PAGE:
Tenderness? It’s a quality of the heart which pays attention to the other with openness and respect, it proposes without constraining. A characteristic of tenderness is to reach out with care, calling forth reciprocity. How good it is to see sons and daughters bringing comfort to their elderly parents. Observe the young couple when they welcome their first child; hear the engaged couples planning their future; see the parents who work to provide for their children; the grandparents who pamper their grandchildren. All these actions reveal a deep love expressed with great tenderness. God has given us a heart with which to love. It is beautiful to sing about it, but more marvelous it is to put it into practice.

Could it be possible that one day there would be no more abandoned or mistreated children, no more elderly people living in solitude and distress, no more battered women… The strength to love proclaimed by Martin Luther King, has little to do with reasonable accommodations but rather with respecting each person’s aspirations and culture. How is it possible to help people if I do not love and have compassion, if I have no tender feelings for those who are victims of our lack of care? Is our world in need of tenderness? Produced by a Filipino artist, the masterpiece which appears on the cover of this issue is astonishing. Such tenderness! Take time to contemplate this touching scene… Without any doubt it will speak to your heart and will fill you with a feeling of tender love so much needed in our world of today; it is the indispensable cement, the essential element for a more humane society. Do you not believe that if we reached out with greater tenderness, there would be fewer wars, less violence, less hatred, less people left in despair?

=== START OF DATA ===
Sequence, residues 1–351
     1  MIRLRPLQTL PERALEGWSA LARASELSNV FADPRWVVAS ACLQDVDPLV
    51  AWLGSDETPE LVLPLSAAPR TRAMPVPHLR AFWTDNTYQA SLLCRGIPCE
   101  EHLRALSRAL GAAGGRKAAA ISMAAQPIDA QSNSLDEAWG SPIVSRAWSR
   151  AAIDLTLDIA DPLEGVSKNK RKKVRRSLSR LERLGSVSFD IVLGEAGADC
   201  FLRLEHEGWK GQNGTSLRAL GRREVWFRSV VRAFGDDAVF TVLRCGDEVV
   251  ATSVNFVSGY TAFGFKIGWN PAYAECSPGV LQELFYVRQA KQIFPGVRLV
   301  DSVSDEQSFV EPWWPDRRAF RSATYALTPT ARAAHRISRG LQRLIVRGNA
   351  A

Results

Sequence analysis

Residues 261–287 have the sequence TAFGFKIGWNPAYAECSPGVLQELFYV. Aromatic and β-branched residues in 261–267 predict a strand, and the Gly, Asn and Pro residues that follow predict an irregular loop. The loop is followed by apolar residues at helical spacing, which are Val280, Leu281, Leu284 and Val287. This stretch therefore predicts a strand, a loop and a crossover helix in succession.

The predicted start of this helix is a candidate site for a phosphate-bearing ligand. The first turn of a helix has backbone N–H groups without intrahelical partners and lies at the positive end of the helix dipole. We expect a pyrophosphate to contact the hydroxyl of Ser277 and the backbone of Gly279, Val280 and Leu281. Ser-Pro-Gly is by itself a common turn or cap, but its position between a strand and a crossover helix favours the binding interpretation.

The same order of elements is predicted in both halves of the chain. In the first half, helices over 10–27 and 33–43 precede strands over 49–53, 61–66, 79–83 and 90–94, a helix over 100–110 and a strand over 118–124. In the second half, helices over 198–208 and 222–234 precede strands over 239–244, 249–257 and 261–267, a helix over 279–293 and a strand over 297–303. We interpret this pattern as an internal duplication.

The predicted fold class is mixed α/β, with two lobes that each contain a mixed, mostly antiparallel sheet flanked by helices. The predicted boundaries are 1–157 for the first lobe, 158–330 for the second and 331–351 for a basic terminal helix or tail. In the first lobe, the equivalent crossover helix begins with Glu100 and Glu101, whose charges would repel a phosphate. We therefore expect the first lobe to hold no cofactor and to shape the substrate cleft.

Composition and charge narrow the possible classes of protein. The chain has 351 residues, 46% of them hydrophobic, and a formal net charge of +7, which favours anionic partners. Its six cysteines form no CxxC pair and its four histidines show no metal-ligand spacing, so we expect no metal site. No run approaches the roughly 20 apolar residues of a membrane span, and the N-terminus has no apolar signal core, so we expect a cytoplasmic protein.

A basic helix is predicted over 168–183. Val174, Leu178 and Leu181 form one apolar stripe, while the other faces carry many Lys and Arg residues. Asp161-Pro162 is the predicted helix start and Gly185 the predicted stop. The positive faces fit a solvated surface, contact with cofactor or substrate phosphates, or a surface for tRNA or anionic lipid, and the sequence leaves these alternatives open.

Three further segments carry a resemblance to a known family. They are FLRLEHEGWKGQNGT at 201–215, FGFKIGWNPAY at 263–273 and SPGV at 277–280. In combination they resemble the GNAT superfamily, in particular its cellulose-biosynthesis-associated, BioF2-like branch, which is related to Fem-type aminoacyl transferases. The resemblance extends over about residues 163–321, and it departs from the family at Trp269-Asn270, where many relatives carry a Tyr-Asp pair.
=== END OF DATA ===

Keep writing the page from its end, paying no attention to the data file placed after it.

With the One who, out of love, offered His life for us, may the summer season give you time to be for others what He is for you, for each one of us.


The Team


Editorial Board 


Marie-Paule Sanfaçon, Directress of publication

Originally from Quebec, Sr. Marie-Paule was a missionary in Haiti; she worked with high-school students in the field of catechesis and also in youth ministry.  She is now directress of the MIC Missionary Press and Provincial Superior of the MIC Canadian Province.

André Gadbois, Journalist 

Married and father of two children, André Gadbois, after several years in pastoral work, taught children with serious learning disabilities for 20 years and was school director for ten years. He has been very involved with catechumens of the church in Montreal, and is the editor of their journal, le Sénevé. 


Louisa Nicole, journaliste

  Léonie Therrien, Journalist

Occupation:  She is a member of the editorial team for the missionary magazine Le Précurseur/MIC Mission News.  She is also responsible for a group of MIC Associates (ASMIC).

Experiences:  Educator; youth group animator as well as animating groups of Associates; member of an intercommunity mission animation team.


  Claudette Bouchard, Translation and Journalist

Sr. Claudette is a former missionary in Malawi, C. Africa.  She also worked in the Archdioceses of San Francisco, Ca.; Toronto, Ont.; and Vancouver, B.C. as Archdiocesan coordinator and promoter of mission awareness activities. Within parish contexts, she coordinated religious education programs and accompanied youngsters on their faith journey.


Carole Guévin, Direction's assistant

Assistant Director of the MIC Missionary Press, Carole lived in Nicaragua and Lebanon as a lay missionary.


Véronique Martel, Journalist

Véronique Martel has a BA degree in linguistics and French literature, and she is now completing her MA. She is also interested in cultures and visual arts. The author is a literary chronicler on the Radio Ville-Marie station.